Exercise 1: Solution
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Learning Objective

  • Understand the importance of gradient descent and backpropagation
  • Be able to build your own neural network by the end of the course




Hey guys, welcome back. In this video, we're going to go through a solution of exercise one of section five. So exercise one was asking us to predict the class of a wine based on a few attributes of the wine. And some things were standard, like scaling the features. We've done it a few times. But some other things, we had to probably think a bit more about our choices, like what model we're building, what loss function, cost function we're gonna use, what optimizer, and what value for the learning rate, and so on. One important thing was we had to validate our training with a validation split of 20%. And the question is, can we converge to 100% validation accuracy? And how quickly can we converge to it? So let's see what a possible solution to the exercise looks like. First, we load the data. It's in the wines file, and you see there is a class. 

It is the first column, and then we have a bunch of numerical features related to measurements done on the wine. So we set the class, we assign a class to the variable, y, and we check how many classes we have. We have three classes, class one, two, and three. Now, we don't know what the order of these classes is, so although they are numbers and we could think it's a regression problem, it's actually better to treat this as a multi-class classification with these three distinct categories. And that's what we're gonna do. We are going to create an auxiliary y categories target where we've dummified our classes into three columns, three binary columns, class one, two, three. Perfect. The other thing we're going to do is to create our features, and we have 178 points with 13 features. So let's see what they look like. 

I'm going to plot them using the pair plot from seaborn. As you can see in the pair plot, our features manage to separate the three classes quite well. You see that the three clouds of points are actually quite distinguishable in several of the feature pair combinations, like this one for example. So, I'm pretty confident we'll be able to separate our data almost perfectly into the three classes, so let's see. First thing we're gonna do is rescale our features. So we'll take the standard scaler and rescale the X table onto a new X-scale table. Then, we'll load form Keras the usual sequential model and the dense layer for the fully-connected, a few algorithms for optimization in case we want to try a few of them, and then we build our model. The model is actually quite a simple model. It only has one inner layer with five nodes, an input shape of 13, and then the output layer with an activation of softmax. RMSprop algorithm for optimization. I'm curious to hear if you tried others. How did it go? And given it's a multi-class classification, the correct loss function is the categorical_crossentropy.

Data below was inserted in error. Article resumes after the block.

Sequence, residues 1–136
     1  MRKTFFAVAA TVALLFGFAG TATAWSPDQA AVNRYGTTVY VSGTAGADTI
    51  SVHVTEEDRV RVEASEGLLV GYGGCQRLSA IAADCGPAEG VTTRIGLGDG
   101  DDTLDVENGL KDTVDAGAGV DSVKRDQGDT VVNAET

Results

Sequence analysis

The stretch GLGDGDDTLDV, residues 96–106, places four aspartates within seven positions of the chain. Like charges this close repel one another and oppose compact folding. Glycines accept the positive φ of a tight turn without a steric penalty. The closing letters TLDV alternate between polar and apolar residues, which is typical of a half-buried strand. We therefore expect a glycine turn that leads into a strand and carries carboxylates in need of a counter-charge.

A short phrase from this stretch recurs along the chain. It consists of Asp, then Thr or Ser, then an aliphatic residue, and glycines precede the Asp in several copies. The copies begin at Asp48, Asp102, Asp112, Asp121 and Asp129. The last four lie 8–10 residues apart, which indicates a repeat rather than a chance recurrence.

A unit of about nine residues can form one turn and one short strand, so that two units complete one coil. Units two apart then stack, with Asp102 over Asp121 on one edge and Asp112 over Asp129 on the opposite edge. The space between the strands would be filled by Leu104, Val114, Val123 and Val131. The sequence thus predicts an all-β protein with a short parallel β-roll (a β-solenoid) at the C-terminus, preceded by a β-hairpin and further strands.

Then, when we fit the model, it's important to choose a batch size. Given how small the data set is, I chose a pretty small batch size of eight. I run the training for 10 epochs, with the verbose equal one and validating on 20% of the data. So let's run it and see what happens. The model seems to find the solution very quickly. As you can see, my validation accuracy is 100% already at the first epoch. The fact that it fluctuates a bit, it's because, from one epoch to the next, Keras is shuffling the data. So we could choose not to shuffle the data. If we wanted, in that case, it would keep the same split through all the epochs. So I'm curious to hear what you tried, so please post it in the forum, and thank you for watching. See you in the next video.

About the Author
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I am a Data Science consultant and trainer. With Catalit I help companies acquire skills and knowledge in data science and harness machine learning and deep learning to reach their goals. With Data Weekends I train people in machine learning, deep learning and big data analytics. I served as lead instructor in Data Science at General Assembly and The Data Incubator and I was Chief Data Officer and co-­founder at Spire, a Y-Combinator-­backed startup that invented the first consumer wearable device capable of continuously tracking respiration and activity. I earned a joint PhD in biophysics at University of Padua and Université de Paris VI and graduated from Singularity University summer program of 2011.